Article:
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Army nurse leading the way in Zambia healthcare

INITIATIVE: Major Chris Carter, left, is helping to build Zambia’s nursing graduate programme after he saw an advert calling for volunteers to help the healthcare situation in the African country

A FORMER army nurse who has completed a tour of duty in Afghanistan among a series of deployments to the Middle East, has turned his attention to the southern African country of Zambia, where he is setting up a framework for developing and qualifying nursing personnel.

Birmingham-based nursing lecturer Major Chris Carter answered an advert in a medical journal in 2015 which called for volunteers to set up a critical nursing care program in Zambia.

The country, although stable, is landlocked and generates a low income with 60 per cent of the population living in rural communities.

Maj Carter, who lectures in the Defence School of Healthcare Educational Birmingham City University, said: “The doctors there realised that their project to develop healthcare was not going to reach its full potential unless investment was also being made in nursing staff.

“The doctors were being trained in current practice, applied in the context of a developing country, dealing with diseases totally different to what we see in the UK, but which are common there.

“However, without the nurses who do the majority of the care, the project wouldn’t work. What transpired was that, despite what the advert said, in fact there was no project, no funding – nothing.”

With support from the Tropical Health and Education Trust, Maj Carter has since been to Zambia seven times, working with the Zambian Ministry of Health, travelling almost 3,100 miles and visiting 16 public hospitals to assess the challenges facing nurses and critical care in the nation.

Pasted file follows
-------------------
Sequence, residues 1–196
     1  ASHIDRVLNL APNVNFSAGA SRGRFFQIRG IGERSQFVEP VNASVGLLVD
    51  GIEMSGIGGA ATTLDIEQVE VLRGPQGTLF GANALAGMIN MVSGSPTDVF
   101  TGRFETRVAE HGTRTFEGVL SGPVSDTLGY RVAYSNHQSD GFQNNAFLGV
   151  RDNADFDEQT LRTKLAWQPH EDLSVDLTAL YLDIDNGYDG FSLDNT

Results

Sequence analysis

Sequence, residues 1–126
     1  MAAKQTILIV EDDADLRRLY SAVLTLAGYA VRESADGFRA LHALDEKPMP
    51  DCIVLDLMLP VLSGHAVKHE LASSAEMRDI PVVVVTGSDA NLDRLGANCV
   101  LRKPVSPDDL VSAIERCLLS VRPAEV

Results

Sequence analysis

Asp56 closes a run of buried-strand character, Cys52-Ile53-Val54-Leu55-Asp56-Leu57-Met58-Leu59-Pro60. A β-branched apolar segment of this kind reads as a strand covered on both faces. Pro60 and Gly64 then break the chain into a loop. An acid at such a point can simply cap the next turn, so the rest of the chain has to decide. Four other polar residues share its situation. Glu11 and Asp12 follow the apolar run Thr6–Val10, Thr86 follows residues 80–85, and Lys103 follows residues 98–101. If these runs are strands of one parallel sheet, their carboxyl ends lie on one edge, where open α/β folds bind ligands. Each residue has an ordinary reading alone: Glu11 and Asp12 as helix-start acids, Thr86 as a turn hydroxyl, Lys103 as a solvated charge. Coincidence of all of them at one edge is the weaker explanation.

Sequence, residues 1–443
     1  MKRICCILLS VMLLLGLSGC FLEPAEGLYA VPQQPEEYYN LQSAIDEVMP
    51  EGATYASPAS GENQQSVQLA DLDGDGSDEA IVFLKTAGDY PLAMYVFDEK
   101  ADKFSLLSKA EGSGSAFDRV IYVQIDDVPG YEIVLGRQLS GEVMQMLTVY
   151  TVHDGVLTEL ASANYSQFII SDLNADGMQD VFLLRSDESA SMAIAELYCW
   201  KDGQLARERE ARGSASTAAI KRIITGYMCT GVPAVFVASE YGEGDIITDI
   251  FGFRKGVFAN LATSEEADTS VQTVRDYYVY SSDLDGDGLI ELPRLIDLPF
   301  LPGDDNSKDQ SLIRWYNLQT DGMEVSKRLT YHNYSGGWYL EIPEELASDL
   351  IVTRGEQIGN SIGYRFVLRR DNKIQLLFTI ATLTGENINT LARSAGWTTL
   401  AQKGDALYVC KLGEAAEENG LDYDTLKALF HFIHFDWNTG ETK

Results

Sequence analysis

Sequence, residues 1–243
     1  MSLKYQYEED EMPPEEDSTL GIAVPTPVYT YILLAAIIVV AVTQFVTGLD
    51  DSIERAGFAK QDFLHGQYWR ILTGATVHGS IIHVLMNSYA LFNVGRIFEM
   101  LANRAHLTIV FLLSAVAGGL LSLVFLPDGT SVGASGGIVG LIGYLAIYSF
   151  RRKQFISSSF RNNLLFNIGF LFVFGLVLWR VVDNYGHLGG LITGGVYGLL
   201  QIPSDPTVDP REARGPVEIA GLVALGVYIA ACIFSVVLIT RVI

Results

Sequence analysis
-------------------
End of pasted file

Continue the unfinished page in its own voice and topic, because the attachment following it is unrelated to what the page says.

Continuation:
Maj Carter and the team then wrote a report for the Ministry of Health, making recommendations to help build the country’s capacity in nursing capability, including a gradu ate programme.

The troop attracted funding from the UK’s Department for International Development, the European Union and the university, which also provides all the professional back-office function and governance needed to keep the project running.

Last year, Maj Chris took six university students, also learners from the Army and Navy, to Zambia as a part of their training to give them valuable experience in the pressures of practicing in a resource-limited environment.

He added: “We watched a doctor performing a procedure and I talked the students through it. I told them to watch how he and the nurses were working – only opening equipment when they needed it, so they didn’t waste anything – because it’s too precious. I challenge them; imagine you are on board a ship, or in the field – you’re not going to have an infinite supply of gloves, oxygen, swabs.

“Plus, when you’ve got 10 patients on a ward, and there are only three of you, there’s no agency you can call, no extra staff, it’s just you. I get students to think about what they would do in that situation. ‘Which is their sickest patient at the moment?

Why do you think that? I get them to think through some of the clinical decisions they would never face in the NHS. ‘You’ve only got 10 ventilators, but you’ve got 11 patients who need it – what are you going to do?’”

What began as a response to an advert and an initiative fostered by four enthusiasts has progressed into an international collaborative effort that has trained over 900 healthcare workers in Zambia.

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